This article is adapted from "Switzerland National Tour" prepared by J. Retschitzski and updated by H. Ruprecht and M. Martin, 2008, which appeared in Wedding, D., & Stevens, M. J. (Eds). (2009). Psychology: IUPsyS Global Resource (Edition 2009) [CD-ROM]. International Journal of Psychology, 44 (Suppl. 1).
The Swiss Psychological Society was established in 1943. Chairs in psychology at graduate schools in Switzerland were successively established beginning at the end of the Second World War. Cultural, linguistic, and political division characterizes the situation in Switzerland. Thus, the Piaget School with its own ideas on psychological research and model creation is located in French-speaking Geneva, while the scientific psychological community in the German-speaking areas in the meantime was concentrated on questions taken from the area of applied psychology. Tremendous interest was generated in Switzerland in clinical and cognitive psychology predominantly in the 1970s. The gradual professionalization of psychology was completed in Switzerland in the 1960s and 1970s, primarily in the areas of applied, clinical and pedagogical psychology. During the 1970s, various groups of non-M.D. psychological therapists were formed, the great majority of whom were drawn from the ranks of psychologists.
Scientific psychology and research in Switzerland is concentrated in seven Psychological Institutes located at seven university graduate schools, at Zürich, Geneva, Bern, Lausanne, Fribourg, Basel, and Neuchâtel. In addition, both of the Swiss Federal Institutes of Technology at Zürich and Lausanne as well as the Swiss University of Commerce at St Gallen all maintain a department of psychology. The main research fields of interest in the most recent past cover the whole spectrum of modern scientific psychology. Even areas that previously held only marginal research interest, such as ecological psychology, have been worked on lately. In Geneva, the emphasis has been mainly on the relationship between the genetic epistemology of Piaget and pedagogical and developmental psychology. Now there is more emphasis on social psychology, neurosciences, clinical psychology, etc. joining the mainstream of scientific psychology. Most institutes are doing research in clinical psychology. Zurich, Bern, Lausanne, and Neuchâtel all have extensive facilities in their institutes for applied psychology. Special emphasis on research into the principles of work and organization psychology is being given by the chair at the Swiss Federal Institute of Technology in Zurich which is dealing with the alternations and modifications necessitated by technological progress in the modern world of work. Psychology seems to be quite well established now in society and University, but there is still a struggle for professional and law issues, e.g., with insurance companies for psychotherapy done by a psychologist.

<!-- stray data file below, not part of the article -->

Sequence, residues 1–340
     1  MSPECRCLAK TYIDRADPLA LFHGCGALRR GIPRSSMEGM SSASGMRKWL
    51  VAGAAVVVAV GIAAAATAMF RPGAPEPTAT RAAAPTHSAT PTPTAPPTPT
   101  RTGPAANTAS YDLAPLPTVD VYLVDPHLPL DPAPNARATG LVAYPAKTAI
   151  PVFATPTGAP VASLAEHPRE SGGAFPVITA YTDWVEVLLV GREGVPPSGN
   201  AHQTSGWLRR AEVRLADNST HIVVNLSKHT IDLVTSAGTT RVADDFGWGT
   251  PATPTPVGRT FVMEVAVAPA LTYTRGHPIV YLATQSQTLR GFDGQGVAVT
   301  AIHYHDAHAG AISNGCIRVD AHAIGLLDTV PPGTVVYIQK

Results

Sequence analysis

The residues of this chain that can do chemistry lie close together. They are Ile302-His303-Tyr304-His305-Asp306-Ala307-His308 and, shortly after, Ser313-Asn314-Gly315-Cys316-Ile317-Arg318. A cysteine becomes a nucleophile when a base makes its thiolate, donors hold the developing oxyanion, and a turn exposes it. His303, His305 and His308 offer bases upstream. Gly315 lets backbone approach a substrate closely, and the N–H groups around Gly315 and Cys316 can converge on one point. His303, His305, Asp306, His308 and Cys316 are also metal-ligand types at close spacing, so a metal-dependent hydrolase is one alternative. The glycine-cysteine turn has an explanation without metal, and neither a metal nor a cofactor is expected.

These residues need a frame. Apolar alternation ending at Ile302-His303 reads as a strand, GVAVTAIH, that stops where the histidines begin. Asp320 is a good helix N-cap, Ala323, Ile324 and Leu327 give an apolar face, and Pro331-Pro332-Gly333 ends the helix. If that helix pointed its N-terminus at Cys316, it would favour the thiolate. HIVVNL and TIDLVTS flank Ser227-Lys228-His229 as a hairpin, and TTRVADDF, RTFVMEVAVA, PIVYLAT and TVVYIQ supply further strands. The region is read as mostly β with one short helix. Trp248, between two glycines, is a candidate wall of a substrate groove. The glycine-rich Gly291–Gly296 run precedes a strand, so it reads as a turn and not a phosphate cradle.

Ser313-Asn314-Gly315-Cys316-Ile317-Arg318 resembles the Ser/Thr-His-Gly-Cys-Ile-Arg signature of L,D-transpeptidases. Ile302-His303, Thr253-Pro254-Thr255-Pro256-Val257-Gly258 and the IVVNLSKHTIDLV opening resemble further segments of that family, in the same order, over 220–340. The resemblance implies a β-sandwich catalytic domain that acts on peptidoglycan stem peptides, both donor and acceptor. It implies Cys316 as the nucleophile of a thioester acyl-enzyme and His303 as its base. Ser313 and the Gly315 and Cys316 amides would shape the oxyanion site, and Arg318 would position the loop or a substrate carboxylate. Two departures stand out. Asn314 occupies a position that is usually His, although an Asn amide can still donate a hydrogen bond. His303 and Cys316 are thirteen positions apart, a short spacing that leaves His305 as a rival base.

Graduate courses with a major in psychology require a minimum of eight semesters for completion at all seven universities in Switzerland. In 2007-2008, there were 7,072 students registered at the various institutions, seventy-eight percent of them were women. This four-year program of study culminates with a "Lizenziat" (Master's) degree and the title of Master in Philosophy/Master in Psychology. In 2007, there were 636 persons getting the masters degree. Starting the academic year 2006/2007, all universities will change to BSc (Psychology) and MSc (Psychology) degree programs according to the European ECTS standards and different profiles at each university. Such a course would in turn lead to a Ph.D. program with various course and time requirements and which bestows the title of Dr.phil/Dr.psych. A major in psychology would include practical competence with regard to professional psychological practice as well as systematic study of the prevalent standards of scientific psychological research. The legal regulation of the professional activities of psychologists in Switzerland is in the hands of the individual cantons. Only one canton provides for this kind of regulation. Several cantons have, however, provided for the regulation of the activities of non-M.D. therapeutic practitioners in that a scientific education in psychology at a recognized psychological institution as well as a minimum of four years of psychotherapeutic qualification at a recognized institution are required. Several other cantons are in the process of establishing similar regulations.
Swiss psychologists do have a new code of ethics, which can be found at http://www.ssp-sgp.ch/about_us/law/law_dt.html
Swiss Journal of Psychology, 1941- , 4/year
Swiss Monographs in Psychology